Quick: what’s the best meteor shower of the year? If you answered, “the Perseids”, then I’m sorry, that is incorrect. If you want to observe the most productive meteor shower of the year, then you need to check out December’s Geminids, not August’s Perseids. The Perseids are always listed as everyone’s favorite but that probably has more to do with the fact that the weather is nice and warm for observing, while the Geminids requires that you bundle up and drink lots of hot beverages. The Geminids are often touted as producing up to 120 to 150 meteors per hour. While this is, on average true, it assumes that you are observing under optimal conditions, something that is very rare. On top of that, on the peak night of December 13th and into the predawn hours of December 14th, the moon will be 78% full and up practically the entire night. Bummer. But, it’s not exactly a lost cause. If you seriously dial back your expectations and plan accordingly, you can still see meteors. How many? I have no idea. But if you don’t get out and look, you won’t see any at all.
Here’s what you need to know. The Geminids are active from November 19th to around December 24th (remember, the peak is the night of the 13th and into the morning hours of the 14th), so you can see some Geminids just about any night over this time period. The parent body of the Geminids is not a comet, as is the case with most meteor showers. Instead, the parent body is an asteroid named 3200 Phaethon. The rocky rubble left in its wake creates some very bright and distinctly colored meteor streaks in our December night skies, so it is possible for a few of them to overpower some of the glare from the moon (still, the show would admittedly be better without the moon). On top of that, you can start looking for Geminids before midnight as the radiant, which is in the constellation of Gemini, is well above the horizon during the evening (the radiant is just the apparent direction on the sky from which most of the meteors seem to radiate from). Still, the best times for observing will be after midnight, say around 1:00 AM or 2:00 AM. On the peak nights, I would suggest looking during the predawn hours when the moon is either low in the sky or below the horizon. The key things to remember here are: get away from the city, bundle up, stay warm with hot beverages, get comfortable in a sleeping bag or lawn chair, and look up. Also, bring along some good friends and good tunes. Holiday memories are made when you share these kinds of things, even if you don’t see many meteors. If you want to find a good observing site, please visit the Arkansas Natural Sky website for a list of possibilities: https://darkskyarkansas.org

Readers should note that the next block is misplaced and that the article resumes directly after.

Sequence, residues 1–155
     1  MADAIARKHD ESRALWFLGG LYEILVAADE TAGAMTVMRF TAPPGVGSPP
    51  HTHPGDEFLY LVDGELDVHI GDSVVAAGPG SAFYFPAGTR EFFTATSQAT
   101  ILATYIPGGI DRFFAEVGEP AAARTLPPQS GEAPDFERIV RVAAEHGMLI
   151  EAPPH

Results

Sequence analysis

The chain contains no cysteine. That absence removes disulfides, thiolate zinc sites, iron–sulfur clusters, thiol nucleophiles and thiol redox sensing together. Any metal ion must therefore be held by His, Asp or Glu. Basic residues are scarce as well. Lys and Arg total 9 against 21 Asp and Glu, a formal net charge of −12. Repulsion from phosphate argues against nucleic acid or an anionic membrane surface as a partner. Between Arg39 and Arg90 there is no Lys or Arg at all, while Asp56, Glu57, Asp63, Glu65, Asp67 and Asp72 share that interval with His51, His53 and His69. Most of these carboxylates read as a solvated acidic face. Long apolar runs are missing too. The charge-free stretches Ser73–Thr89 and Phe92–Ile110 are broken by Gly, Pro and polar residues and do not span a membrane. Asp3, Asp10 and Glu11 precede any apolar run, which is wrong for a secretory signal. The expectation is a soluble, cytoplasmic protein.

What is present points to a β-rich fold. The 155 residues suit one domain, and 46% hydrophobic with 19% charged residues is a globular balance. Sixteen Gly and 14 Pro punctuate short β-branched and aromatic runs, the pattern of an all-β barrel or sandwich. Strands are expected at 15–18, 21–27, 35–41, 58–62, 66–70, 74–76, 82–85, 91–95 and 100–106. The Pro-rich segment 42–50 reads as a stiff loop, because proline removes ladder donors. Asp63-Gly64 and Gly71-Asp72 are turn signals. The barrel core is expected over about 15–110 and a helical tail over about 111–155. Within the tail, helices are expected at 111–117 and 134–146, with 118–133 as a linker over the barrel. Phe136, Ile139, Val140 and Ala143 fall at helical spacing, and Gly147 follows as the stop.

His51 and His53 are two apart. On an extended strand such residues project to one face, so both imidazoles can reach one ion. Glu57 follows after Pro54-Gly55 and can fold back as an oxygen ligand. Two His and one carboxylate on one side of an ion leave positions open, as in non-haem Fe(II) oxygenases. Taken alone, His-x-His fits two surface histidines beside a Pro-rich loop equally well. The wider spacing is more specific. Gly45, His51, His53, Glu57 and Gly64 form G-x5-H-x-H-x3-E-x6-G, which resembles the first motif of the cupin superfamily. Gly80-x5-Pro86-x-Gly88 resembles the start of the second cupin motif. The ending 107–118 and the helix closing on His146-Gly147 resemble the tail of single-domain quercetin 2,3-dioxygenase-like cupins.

MERCURY AND VENUS CONJUNCTION
Last year, we had an impressive pairing of Jupiter and Saturn on December 21st. These kinds of line-of-sight effects are called “conjunctions” and we have another nice pairing this year with Mercury and Venus, albeit not quite as impressive as last year’s meetup with the two largest planets in our solar system. On December 28th, if the sky is clear, get out just after sunset and face the southwestern sky to see Mercury and Venus in the same binocular field of view (Mercury, the innermost planet, can be seen with the unaided eye but stands out nicely from the twilight with a little help from an inexpensive pair of binoculars). Jupiter and Saturn can be seen just above and to the left of the pair, with Jupiter shining more brightly than the more distant Saturn. Watch closely over the next 10 days as Mercury climbs higher in the sky while Venus drops lower. Venus is at its brightest this month on December 3rd but it will disappear from our evening sky on January 9, 2022. At that time, Venus will be passing in between the Earth and the Sun, something that astronomers call “inferior conjunction”. It will disappear for a while from the evening sky but will later reappear as a morning object.
These are just a few of the things you can see in our December sky for 2021. I hope that the year has been kind to you and I wish you all the best during this holiday season and for the upcoming new year. May you all have clear skies for 2022!